Display K-W-L chart overhead (Appendix B).3.
 
K = What We Know. Ask students to list what they already know about thebrain and nerves (from first grade). List their suggestions on the overhead underthe first column. Try to get at least five items listed.4.
 
W = What We Want to Know. Explain to students that they will be studying thenervous system, which includes the brain, nerves, and their spine. Ask themwhat kinds of questions to they hope to have answered in this unit. Try to get atleast five questions listed.5.
 
Save this overhead! You will use it at the end of each lesson to help summarizein the “L” (What You Have Learned) column. By the end of the unit you shouldhave a bullet in the “L” column for each day.6.
 
Have students copy the KWL chart into their notebook. Tell them to be sure toleave room in the “L” column because they will be using the chart each day tolist the main idea of each lesson.7.
 
Read pgs. 5-12 of 
 A True Book: The Nervous System
, by Darlene R. Stille.8.
 
Ask if anyone has any additional questions they would like answered. If so, addthese to the “W” column of the KWL chart and have students copy the additionalquestions into their notebooks.9.
 
Ask: “What is one thing you have learned today?” Take several studentresponses.
Third Grade, You’ve Got Some Nerves! 2003 Colorado Unit Writing Project 2
 
 
10.
 
Say: “The main idea of what we read today is that the nervous system is like acomputer that is made up of many parts that all work together to keep us going.”11.
 
Write the following statement under the “L” of the KWL chart:
The nervous system is like a computer that is made up of many parts that allwork and communicate together to keep us going.
12.
 
Instruct students to copy the above statement under the “L” on their chart in theirnotebook.E.
 
 Assessment/Evaluation
 1.
 
Collect notebooks. Grade KWL chart using checklist (Appendix C).
Lesson Two: Brain Drain
 A.
 
 Daily Objectives
 1.
 
Concept Objective(s)a.
 
Recognize that the human body is made up of systems with structuresand functions that are related and serve different functions in growth andsurvival.b.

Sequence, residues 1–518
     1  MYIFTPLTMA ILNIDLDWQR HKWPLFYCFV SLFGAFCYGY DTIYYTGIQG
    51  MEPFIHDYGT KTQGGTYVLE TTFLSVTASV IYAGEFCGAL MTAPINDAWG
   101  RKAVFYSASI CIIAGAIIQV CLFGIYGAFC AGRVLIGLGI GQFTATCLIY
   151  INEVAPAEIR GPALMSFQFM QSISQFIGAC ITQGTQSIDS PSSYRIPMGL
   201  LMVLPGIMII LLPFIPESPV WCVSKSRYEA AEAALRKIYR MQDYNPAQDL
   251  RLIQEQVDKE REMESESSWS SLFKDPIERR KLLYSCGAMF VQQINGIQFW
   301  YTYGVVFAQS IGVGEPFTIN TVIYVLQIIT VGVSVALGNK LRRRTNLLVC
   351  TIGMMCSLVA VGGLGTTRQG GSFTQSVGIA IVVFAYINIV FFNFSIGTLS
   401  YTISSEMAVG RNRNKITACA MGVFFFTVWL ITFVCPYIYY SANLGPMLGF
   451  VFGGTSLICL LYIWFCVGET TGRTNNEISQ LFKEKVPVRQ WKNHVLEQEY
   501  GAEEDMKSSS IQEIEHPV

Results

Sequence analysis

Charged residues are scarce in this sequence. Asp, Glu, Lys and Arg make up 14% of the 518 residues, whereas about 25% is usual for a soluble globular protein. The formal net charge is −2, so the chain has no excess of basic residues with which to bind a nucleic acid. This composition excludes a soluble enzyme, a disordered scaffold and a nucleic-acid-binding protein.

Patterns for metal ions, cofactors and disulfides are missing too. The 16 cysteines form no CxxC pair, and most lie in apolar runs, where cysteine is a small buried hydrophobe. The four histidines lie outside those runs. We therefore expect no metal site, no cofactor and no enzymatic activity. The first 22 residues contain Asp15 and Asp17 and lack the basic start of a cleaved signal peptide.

Know and understand the characteristics and structure of living things.2.
 
Lesson Contenta.
 
The brain: medulla, cerebrum, cerebellum3.
 
Skill Objective(s)a.
 
Students will label the three main parts of the brain.b.
 
Students will identify the function of each of the three main parts of thebrain.B.
 
 Materials
 1.
 
Picture or model of the human brain2.
 
Book 
 A True Book: The Nervous System
, by Darlene R. Stille3.
 
The Brain diagram and definitions copied onto a transparency (Appendix D)4.
 
Overhead projector5.
 
Copies of brain (Appendix E), one “head” per student6.
 
Scissors (one pair per student)7.
 
Glue sticks (one per student)8.
 
Student notebook (one per student)9.
 
Pencil (one per student)10.
 
KWL Chart from first lesson (Appendix B) copied onto a transparency11.
 
Vis-à-vis pen12.
 
Copies of Appendix F for grading (one per student)C.
 
Key Vocabulary
 1.
 
Medulla: also called the brain stem, it connects the brain to the spinal cord2.
 
Cerebrum: the center of thought, feeling, and remembering, it also controlsmuscle movements3.
 
Cerebellum: the part of the brain that controls balance and coordinationD.
 
Procedures/Activities
 1.
 
Show the class a picture or model of the human brain.2.
 
Tell students: “This is a picture (model) of a real brain. There are many parts inyour brain that work together, but perform different functions. We will learnabout the three main parts today.”3.
 
Read pgs. 13-17 of 
 A True Book: The Nervous System.
 4.
 
Pass out one “head” from Appendix E to each student.5.
 
Pass out scissors and glue sticks.6.
 
Instruct students to cut out their “head,” being sure to stay outside the line.7.
 
Instruct students to glue their “head” onto the next clean page in their notebook.
Third Grade, You’ve Got Some Nerves! 2003 Colorado Unit Writing Project 3